Strings Program – A Response

I would like to be perfectly clear. I want a Madison Metropolitan School District strings program in elementary schools. I have been very clear about this since my first televised board meeting last year, where I exclaimed, “I want a strings program in the budget!” However, with unfunded mandates, revenue caps, additional academic testing requirements and possible annual referendums, it is very hard to continue to make that exclamation.


For the past several months, I have been in contact with many people that have given me insight on the 4th and 5th grade strings program. These people include:
Superintendent Art Rainwater
Assistant Superintendent Jane Belmore
Interim Fine Arts Coordinator Rita Applebaum
MSCR Arts Coordinator Cristine Reid
Retired MSCR Coordinator (and my campaign treasurer) Nan Gilbert Dwyer
Building Principals
Retired Principal Joe Cullen
Jane Peschel, Director of Instruction and Principal Prairie View Elementary in Oregon
Jack Young, Strings Teacher at Randall Elementary School
Rhonda Schilling, Music Teacher at Thoreau Elementary School
Mary Rasmussen, Music and Strings Teacher at Van Hise
Marie Breed, Executive Director of Wisconsin Youth Symphony Orchestras
As well as many parents, teachers and community members.
My proposal of the 4th & 5th grade strings program is a combination of many proposals that were given to board members by the Administration in addition to conversations that I have had with the people listed above. My proposal would look at each individual elementary school schedule and fit the program to meet scheduling and budgetary requirements. For example, in some schools, students could choose between REACH and strings or General Music and strings or lunch and strings. Again, this would be a local school decision made by the local Principal and their staff. At the same time, it is very clear that we have students that are advanced in their talent and should be challenged. This is where a before school or after school program could be developed. This could be funded by community service funds (Fund 80), which are not effected by the state revenue cap. I believe that this is an appropriate way to utilize those funds. It is the community that benefits greatly from the strings programming. In addition, strategic partnerships could be developed with WYSO, MCCCA, the University of Wisconsin-Madison and others to strengthen the program.
My motion will be to direct administration to develop a 4th and 5th grade strings program that satisfies both the budget and scheduling requirements should the operating referendum not pass on May 24th. This program should encompass before school, during school and after school programming. Contents of the program and a presentation should be given to the board by Monday May 23rd.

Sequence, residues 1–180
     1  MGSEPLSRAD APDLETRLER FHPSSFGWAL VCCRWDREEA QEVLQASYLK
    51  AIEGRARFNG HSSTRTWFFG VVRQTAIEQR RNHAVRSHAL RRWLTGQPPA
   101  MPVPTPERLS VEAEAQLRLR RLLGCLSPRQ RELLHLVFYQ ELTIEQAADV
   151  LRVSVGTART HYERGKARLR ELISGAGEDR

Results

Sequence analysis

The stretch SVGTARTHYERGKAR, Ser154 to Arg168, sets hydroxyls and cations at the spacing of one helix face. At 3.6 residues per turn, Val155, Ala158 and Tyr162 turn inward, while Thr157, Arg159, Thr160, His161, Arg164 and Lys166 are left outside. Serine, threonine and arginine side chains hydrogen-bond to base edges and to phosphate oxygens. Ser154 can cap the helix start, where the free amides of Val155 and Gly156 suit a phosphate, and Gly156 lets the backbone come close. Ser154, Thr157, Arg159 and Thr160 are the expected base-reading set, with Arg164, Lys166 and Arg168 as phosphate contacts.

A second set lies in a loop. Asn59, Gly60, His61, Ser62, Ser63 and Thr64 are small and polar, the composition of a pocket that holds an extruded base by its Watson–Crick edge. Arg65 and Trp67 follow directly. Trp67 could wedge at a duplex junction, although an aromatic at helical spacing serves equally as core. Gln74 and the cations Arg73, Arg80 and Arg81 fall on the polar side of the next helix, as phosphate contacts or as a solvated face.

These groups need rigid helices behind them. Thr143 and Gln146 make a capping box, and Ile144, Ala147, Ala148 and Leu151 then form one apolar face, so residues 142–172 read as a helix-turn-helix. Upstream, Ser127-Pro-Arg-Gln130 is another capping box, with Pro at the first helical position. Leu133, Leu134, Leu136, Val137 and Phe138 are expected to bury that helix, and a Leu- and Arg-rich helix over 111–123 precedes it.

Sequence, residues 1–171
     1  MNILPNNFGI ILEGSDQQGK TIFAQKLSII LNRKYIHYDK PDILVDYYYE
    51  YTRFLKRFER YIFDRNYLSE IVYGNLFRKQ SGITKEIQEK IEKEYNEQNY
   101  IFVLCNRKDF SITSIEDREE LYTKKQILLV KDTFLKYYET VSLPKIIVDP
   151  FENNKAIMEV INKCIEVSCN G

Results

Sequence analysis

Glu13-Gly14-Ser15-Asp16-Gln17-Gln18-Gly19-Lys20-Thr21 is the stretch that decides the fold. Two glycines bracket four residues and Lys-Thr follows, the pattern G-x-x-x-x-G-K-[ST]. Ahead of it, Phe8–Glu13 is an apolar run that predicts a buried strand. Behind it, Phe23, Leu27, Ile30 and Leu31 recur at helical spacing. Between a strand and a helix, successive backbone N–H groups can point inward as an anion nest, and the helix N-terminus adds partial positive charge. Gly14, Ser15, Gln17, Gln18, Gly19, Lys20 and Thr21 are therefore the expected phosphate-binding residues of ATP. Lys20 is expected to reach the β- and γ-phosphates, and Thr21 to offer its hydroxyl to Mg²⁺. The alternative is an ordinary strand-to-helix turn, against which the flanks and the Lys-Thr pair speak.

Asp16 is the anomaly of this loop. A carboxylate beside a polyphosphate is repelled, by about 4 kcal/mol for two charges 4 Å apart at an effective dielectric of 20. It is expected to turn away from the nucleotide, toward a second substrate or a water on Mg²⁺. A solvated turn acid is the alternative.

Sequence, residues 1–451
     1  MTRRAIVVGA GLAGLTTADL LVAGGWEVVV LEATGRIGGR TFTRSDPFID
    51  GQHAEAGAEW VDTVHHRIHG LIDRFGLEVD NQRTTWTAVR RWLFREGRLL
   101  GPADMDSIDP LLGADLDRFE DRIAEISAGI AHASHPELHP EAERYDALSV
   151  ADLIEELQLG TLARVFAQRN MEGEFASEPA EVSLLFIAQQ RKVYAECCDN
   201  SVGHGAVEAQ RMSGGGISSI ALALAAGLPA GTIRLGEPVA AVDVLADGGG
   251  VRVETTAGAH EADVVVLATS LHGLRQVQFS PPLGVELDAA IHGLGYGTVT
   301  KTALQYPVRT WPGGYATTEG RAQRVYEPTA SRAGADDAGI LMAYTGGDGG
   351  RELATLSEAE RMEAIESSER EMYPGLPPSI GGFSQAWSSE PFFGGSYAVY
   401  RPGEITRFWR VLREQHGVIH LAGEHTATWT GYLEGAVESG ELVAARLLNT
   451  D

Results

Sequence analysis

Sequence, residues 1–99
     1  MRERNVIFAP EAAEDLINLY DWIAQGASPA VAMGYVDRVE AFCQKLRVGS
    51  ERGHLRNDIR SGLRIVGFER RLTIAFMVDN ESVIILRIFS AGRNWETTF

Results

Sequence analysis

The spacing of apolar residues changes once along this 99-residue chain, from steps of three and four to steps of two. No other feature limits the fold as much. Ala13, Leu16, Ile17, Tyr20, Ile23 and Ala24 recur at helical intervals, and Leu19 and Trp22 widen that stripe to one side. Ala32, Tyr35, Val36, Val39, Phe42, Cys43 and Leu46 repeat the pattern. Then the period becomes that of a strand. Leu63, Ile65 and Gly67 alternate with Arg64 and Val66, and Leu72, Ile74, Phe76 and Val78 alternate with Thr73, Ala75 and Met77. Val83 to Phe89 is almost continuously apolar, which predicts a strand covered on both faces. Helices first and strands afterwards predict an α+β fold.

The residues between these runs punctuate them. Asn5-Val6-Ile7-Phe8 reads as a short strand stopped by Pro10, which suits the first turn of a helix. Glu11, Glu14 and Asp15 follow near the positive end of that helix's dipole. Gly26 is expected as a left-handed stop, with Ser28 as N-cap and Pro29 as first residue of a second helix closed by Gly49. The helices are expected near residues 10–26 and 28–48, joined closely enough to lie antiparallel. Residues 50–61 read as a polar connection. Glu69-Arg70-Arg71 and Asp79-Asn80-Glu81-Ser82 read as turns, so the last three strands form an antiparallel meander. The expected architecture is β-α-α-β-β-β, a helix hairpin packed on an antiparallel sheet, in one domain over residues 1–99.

Finally, I have to say, I take great exception to those who would like to characterize me as a “jock” that cares only about sports and not Fine Arts. Or those who believe my budgetary amendments demean and relegates the strings program to a mere “afterschool program” without as so much as to ask me to explain. These same people don’t even bother to ask the school district personnel who would have to live with the decision, “Can you do it?”
It was 15,683 adults in this community that elected me to serve as a member of the Board of Education with a student population of 24,710 not just 1,866. I was a participant in the 4th and 5th grade strings program at Lindbergh Elementary School. I know the first hand benefits of the program. Also, I played clarinet in the Lincoln Middle school orchestra and I remember the words of the teacher Lonnie Nofzsinger who would say, “Just because you’re playing the loudest note, doesn’t mean your playing the right note!”
If the Madison School Board doesn’t start working together like students in the 4th and 5th grade strings program. There will be silence. And that would be a shame.

  • Ed Blume

    Johnny,
    Thank you for the explanation of your amendment on strings. You’ve obviously done some hard work on it.
    I’m sorry to say, however, that your dedicated work illustrates the frequently expressed concern about the “transparency” of school board operations and decisions, because most of your work apparently did not occur at meetings of the full board or any of the board committees.
    Please be aware. I’m not being critical of you personally since the board’s committees have not often met and the administration makes so many decisions with little input from anyone. You are also one of the most responsive members of the board.
    By contrast to the board’s operating style, I believe that the public wants to know what’s happening as the board works toward solutions to various challenges. The public even wants to be part of the solution.
    Fortunately, you’ll be in a perfect position to work publicly as chair of Finance and Operations in the coming year. You could, for example, invite the public to help the board and administration develop a more logical, timely, and transparent budget process. I’m certain that all of us who post on the blog would be happy to participate along with many, many other people in the community.
    And thank you for posting!
    Ed Blume

  • Lucy Mathiak

    Dear Johnny,
    I believe that your heart is in the right place. However, I am concerned that in the process of “saving” elementary strings, the proposal to move strings to MSCR would have unintended negative consequences. Specifically: